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Chain Rule in Calculus: Formula & Examples

Instructor: Yuanxin (Amy) Yang Alcocer

Amy has a master's degree in secondary education and has taught math at a public charter high school.

Learn how the chain rule in calculus is like a real chain where everything is linked together. Also learn what situations the chain rule can be used in to make your calculus work easier.

What Is the Chain Rule?

The chain rule allows us to differentiate composite functions. What exactly are composite functions? Good question! A composite function is a function whose variable is another function. Look at this example:

A Composite Function
chain rule

The first function is a straightforward function. But the second is a composite function. Do you see how the lone variable x from the first function has been replaced with x^2+1, a function in its own, right? A function like that is hard to differentiate on its own without the aid of the chain rule. But with it, differentiating is a breeze! Let's take a look.

The Formula

Without further ado, here is the formal formula for the chain rule. Don't get scared. It gets simpler once you start using it.

The Chain Rule
chain rule

It may look complicated, but it's really not. All it's saying is that, if you have a composite function and need to take the derivative of it, all you would do is to take the derivative of the function as a whole, leaving the smaller function alone, then you would multiply it with the derivative of the smaller function. Okay. That was a mouthful and thankfully, it's much easier to understand in action, as you will see.

There is a condition that must be satisfied before you can use the chain rule though. It is that both functions must be differentiable at x. Alternately, if you can't differentiate one of the functions, then you can't use the chain rule. It can't help you in those instances.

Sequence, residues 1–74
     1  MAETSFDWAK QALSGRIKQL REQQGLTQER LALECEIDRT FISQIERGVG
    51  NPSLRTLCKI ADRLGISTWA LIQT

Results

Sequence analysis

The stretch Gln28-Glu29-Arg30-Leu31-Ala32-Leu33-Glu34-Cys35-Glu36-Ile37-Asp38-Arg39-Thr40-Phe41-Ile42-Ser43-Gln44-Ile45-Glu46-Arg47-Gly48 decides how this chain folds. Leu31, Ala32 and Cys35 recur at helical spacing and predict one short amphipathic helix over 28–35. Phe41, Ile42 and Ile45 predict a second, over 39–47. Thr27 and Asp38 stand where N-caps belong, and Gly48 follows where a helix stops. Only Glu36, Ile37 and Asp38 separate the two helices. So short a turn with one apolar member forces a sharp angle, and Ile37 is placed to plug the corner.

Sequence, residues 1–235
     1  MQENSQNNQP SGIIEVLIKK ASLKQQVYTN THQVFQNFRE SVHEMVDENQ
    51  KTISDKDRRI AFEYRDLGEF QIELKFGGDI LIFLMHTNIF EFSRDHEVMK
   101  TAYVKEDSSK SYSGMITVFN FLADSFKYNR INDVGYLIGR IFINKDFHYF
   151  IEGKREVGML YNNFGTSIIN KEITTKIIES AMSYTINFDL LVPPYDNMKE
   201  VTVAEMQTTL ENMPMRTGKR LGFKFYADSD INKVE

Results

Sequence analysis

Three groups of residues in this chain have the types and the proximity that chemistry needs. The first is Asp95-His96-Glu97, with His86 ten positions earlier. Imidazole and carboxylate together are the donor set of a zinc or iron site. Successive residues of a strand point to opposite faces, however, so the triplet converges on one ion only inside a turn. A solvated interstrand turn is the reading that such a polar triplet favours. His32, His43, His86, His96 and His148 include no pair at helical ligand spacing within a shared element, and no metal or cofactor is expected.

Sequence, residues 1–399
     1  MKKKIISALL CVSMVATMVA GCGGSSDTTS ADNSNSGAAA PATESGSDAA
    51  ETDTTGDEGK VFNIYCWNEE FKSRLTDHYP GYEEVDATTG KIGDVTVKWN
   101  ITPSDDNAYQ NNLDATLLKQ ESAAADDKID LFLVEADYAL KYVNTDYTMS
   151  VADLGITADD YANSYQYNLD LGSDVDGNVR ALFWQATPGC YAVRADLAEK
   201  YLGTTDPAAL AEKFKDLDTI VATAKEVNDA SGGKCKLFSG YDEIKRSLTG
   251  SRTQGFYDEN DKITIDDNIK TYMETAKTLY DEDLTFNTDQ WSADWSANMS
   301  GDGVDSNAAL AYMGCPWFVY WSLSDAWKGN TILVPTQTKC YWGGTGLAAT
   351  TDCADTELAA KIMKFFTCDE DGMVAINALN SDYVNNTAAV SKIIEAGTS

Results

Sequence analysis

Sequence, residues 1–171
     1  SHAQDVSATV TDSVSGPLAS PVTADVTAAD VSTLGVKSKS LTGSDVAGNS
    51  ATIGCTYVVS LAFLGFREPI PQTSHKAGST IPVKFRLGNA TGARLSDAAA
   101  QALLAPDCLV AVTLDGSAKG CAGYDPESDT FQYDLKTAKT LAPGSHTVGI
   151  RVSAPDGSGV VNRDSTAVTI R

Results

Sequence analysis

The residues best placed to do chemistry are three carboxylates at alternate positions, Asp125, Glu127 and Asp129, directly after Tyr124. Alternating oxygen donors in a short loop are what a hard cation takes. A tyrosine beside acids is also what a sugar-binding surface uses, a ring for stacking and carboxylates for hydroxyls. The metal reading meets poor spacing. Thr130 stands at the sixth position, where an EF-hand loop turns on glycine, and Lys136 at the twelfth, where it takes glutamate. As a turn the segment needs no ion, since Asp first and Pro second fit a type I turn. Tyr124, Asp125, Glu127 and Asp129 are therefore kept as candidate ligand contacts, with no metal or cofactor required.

When to Use It

You will know when you can use it by just looking at a function. If it looks like something you can differentiate, but with the variable replaced with something that looks like a function on its own, then most likely you can use the chain rule.

See if you can see a pattern in these examples.

More Composite Functions
chain rule

I've given you four examples of composite functions. The first and third are examples of functions that are easy to derive. The second and fourth cannot be derived as easily as the other two, but do you notice how similar they look? They look like something you can easily derive, but they have smaller functions in place of our usual lone variable.

How to Use It

Now, let us get into how to actually derive these types of functions. The formula tells us to differentiate the whole thing as if it were a straightforward function that we know how to derive. Then we would multiply it by the derivative of the inside part or the smaller function. Thinking about this, I can make my problems a bit cleaner looking by making a small substitution to change the way I write the function. I can label my smaller inside function with the variable u.

Using Substitution to Simplify the Function
chain rule

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